The younger Spikes still remembers watching his older cousin play at Auburn, with the Bengals as a first-round pick and for the Bills. Brandon was motivated by Takeo's intensity and playmaking ability.
"His influence on me was definitely just inspiring me to be great," he said. "Inspiring me to have a dream and chase it. I saw him do some things in college and he went on to the NFL and had an awesome career. Watching him in Buffalo growing up that's why I wore 51 playing high school and college and he's just an all-around guy. He's professional and handles his business on and off the field."
Spikes wasn't a lock to get jersey number 51 after signing with the Bills. Fellow free agent signee Keith Rivers was going to take the number, but acquiesced after hearing about the connection.
So what does it mean to the elder Spikes to see a cousin he never knew he had not only playing in the NFL, but at linebacker, wearing his old jersey number, playing for a team where he had some of the most productive seasons of his career?
"It's big with me because I had somebody who helped me out when I was younger and for him to be family and come out and say that I inspired him makes me feel like the work that I've done not only on the field, but off the field with him is worthwhile," said Takeo. "He's learning and eating off of it. That's all we can do is spread the knowledge to each other.
"If you want to be a great player everybody is going to have their runs, but for me my definition and I've told him, that in order for one person to be unanimously great it's not so much your play, but it's how much you raise the play of others around you."
It's readily apparent that Brandon consults Takeo on many of the issues he faces as a professional. With this being his first foray into free agency and Buffalo calling and expressing interest, he called his older cousin for the truth about playing for the Bills and their fans.
"He said, 'Hey cuz what is it like? Tell me the truth. I know you're not going to lie to me. Everybody else wants something from me. I just want to know the truth,'" said Takeo. "I said, 'I'm glad you finally called.' I just told him I played in five places. To me by far it's the best football city that I played in that will remind you of Friday night football in high school. The reason why I appreciated it so much was it's hard to find fans who get paid minimum wage, but they're taking that minimum wage that a lot of times they should be spending to pay off their bills and they're spending it on their other Bills, the Buffalo Bills."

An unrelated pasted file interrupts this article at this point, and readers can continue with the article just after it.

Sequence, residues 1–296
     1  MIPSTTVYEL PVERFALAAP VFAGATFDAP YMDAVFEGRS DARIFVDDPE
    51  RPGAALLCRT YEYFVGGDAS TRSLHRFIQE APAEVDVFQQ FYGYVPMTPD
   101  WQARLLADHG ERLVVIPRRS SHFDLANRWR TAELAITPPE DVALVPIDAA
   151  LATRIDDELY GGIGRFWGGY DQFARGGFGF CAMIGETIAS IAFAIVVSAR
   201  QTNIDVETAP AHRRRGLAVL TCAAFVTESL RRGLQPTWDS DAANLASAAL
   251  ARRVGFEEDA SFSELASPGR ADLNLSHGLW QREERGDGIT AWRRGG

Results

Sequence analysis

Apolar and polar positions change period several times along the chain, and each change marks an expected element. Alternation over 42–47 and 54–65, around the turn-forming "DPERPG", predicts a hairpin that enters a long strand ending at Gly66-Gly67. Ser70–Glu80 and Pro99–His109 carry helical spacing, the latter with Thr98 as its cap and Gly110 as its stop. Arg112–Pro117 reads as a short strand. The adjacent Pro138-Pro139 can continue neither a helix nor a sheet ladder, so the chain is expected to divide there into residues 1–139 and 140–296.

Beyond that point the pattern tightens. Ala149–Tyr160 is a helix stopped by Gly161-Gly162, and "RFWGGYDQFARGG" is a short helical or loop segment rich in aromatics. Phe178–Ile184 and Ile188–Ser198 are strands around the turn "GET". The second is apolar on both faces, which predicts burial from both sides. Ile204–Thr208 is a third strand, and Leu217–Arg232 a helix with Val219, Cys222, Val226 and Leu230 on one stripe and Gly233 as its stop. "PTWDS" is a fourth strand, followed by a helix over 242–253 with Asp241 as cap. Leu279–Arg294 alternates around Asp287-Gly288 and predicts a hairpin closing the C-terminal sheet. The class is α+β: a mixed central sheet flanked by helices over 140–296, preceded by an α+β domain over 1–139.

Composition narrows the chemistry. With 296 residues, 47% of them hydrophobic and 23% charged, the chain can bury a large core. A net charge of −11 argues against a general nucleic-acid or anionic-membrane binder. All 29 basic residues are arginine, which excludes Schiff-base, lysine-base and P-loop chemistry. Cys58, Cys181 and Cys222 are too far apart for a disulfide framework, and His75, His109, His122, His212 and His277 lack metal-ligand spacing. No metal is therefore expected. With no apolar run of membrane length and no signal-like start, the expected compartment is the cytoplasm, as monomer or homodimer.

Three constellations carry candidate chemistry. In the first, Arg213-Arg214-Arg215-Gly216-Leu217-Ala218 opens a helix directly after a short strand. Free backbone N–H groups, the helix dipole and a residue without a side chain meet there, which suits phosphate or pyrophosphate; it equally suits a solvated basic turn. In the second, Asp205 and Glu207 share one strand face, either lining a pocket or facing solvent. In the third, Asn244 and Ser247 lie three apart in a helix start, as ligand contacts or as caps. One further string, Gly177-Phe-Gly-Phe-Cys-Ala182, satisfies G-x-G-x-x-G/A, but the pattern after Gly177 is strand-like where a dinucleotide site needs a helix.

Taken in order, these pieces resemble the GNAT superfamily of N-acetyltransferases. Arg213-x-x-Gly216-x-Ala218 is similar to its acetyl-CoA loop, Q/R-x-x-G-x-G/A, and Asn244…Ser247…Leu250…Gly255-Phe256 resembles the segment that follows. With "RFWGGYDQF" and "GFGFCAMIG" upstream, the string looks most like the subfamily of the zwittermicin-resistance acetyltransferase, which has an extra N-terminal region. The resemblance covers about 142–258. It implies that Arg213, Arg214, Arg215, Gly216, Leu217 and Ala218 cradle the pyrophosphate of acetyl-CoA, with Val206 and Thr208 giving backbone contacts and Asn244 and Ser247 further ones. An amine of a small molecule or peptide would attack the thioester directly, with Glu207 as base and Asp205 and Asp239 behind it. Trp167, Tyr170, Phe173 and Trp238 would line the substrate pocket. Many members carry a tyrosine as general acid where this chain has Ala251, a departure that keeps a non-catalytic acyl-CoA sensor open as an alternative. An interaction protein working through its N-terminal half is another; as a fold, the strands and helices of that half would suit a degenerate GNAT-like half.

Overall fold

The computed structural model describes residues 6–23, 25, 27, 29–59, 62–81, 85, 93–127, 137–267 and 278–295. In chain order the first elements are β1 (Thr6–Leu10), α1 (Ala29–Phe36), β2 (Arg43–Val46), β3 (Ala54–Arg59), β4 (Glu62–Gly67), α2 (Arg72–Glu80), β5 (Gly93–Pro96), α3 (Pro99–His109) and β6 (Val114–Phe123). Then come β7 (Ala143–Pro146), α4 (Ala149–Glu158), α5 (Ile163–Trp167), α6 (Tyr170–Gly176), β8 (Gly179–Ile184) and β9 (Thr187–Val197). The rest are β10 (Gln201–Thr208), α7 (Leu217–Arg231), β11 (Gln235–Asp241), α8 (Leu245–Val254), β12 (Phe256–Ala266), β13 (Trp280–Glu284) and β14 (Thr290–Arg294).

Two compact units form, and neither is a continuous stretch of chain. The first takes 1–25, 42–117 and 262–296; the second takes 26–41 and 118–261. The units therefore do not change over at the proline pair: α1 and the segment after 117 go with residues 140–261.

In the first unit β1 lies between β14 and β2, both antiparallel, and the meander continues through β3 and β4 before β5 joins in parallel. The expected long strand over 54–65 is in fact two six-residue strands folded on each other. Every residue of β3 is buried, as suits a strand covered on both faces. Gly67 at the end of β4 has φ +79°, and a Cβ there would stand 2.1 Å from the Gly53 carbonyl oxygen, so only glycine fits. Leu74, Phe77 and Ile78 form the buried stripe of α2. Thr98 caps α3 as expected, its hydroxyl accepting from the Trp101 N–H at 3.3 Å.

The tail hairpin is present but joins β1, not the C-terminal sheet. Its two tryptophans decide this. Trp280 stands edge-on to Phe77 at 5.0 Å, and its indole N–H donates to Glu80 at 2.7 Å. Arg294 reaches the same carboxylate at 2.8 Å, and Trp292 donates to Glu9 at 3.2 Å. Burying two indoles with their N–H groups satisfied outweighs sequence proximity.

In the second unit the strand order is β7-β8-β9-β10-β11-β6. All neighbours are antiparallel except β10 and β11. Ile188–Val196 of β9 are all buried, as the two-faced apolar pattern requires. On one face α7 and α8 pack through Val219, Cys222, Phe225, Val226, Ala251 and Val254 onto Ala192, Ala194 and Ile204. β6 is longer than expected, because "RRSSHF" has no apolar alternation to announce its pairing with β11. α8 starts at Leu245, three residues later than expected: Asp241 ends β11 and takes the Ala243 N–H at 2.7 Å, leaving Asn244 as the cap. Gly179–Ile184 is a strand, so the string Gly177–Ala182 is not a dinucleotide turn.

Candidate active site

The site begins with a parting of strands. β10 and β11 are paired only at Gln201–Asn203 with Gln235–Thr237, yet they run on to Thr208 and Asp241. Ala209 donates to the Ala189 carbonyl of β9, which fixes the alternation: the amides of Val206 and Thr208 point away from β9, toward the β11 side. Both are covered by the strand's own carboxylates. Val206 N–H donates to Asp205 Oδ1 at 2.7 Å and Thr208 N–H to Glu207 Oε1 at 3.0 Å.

Having experienced the energy in Ralph Wilson Stadium firsthand, Takeo is convinced that Brandon, an emotional player by nature, is going to get a major lift from the fan support.
"He loved hearing that," said Takeo. "He was like, 'So what is it about Buffalo?' I said, 'I'm telling you man the energy. It could be 20 below and people will still come out there and see you.'
"He's going to get a charge out of that support. I told him the people will embrace you if you embrace the people. They know good football players and you have to be aware of that."
"He just told me there is no other fan base like it, and I loved to hear that," said Brandon. "I love a place with a lot of tradition. I remember being a little boy and watching Thurman Thomas and (Jim) Kelly and Pepper (Johnson) and them battling. I just want to bring that back. It's been a long time."
Takeo Spikes played for the last Bills team to post a winning record when they went 9-7 in 2004 and narrowly missed ending the club's non-playoff streak.
"I'm very eager to see how he's going to respond in Buffalo," said the elder Spikes. "I know how he's going to respond, but I'm eager for everyone to see how he's going to respond this year knowing what he went through leaving New England."
"It just feels great to have a new beginning. The past is the past. I wasn't happy, but I'm happy now and I'm ready to get to work and ready to help," said Brandon Spikes. "I just want to be part of a winning program and organization and I saw this place as a great fit for me. I'm in Buffalo now and I'm just excited about the future. I want to bring that type of mentality and mindset and toughness, that old school ball and relentless effort."
Sounds a lot like how his older cousin played, which is why it may convince the elder Spikes to make it up to a Bills game this fall. Just having a relative he never knew he had sitting in the middle of his old team's defense is something he just may have to see in person.
"I'm going to be honest with you. I'm tickled. It makes me laugh on the inside every time I think about it," said Takeo. "I never would have thought this could happen. I never would have thought it would happen like this."